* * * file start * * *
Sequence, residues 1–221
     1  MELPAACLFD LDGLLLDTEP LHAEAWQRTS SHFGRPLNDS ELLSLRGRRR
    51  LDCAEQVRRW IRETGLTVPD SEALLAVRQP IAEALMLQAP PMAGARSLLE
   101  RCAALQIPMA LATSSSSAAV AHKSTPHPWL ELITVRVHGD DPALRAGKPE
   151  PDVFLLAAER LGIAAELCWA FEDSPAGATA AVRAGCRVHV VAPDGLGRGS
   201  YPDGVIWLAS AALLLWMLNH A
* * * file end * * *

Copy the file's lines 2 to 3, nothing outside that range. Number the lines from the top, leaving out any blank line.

     1  MELPAACLFD LDGLLLDTEP LHAEAWQRTS SHFGRPLNDS ELLSLRGRRR
    51  LDCAEQVRRW IRETGLTVPD SEALLAVRQP IAEALMLQAP PMAGARSLLE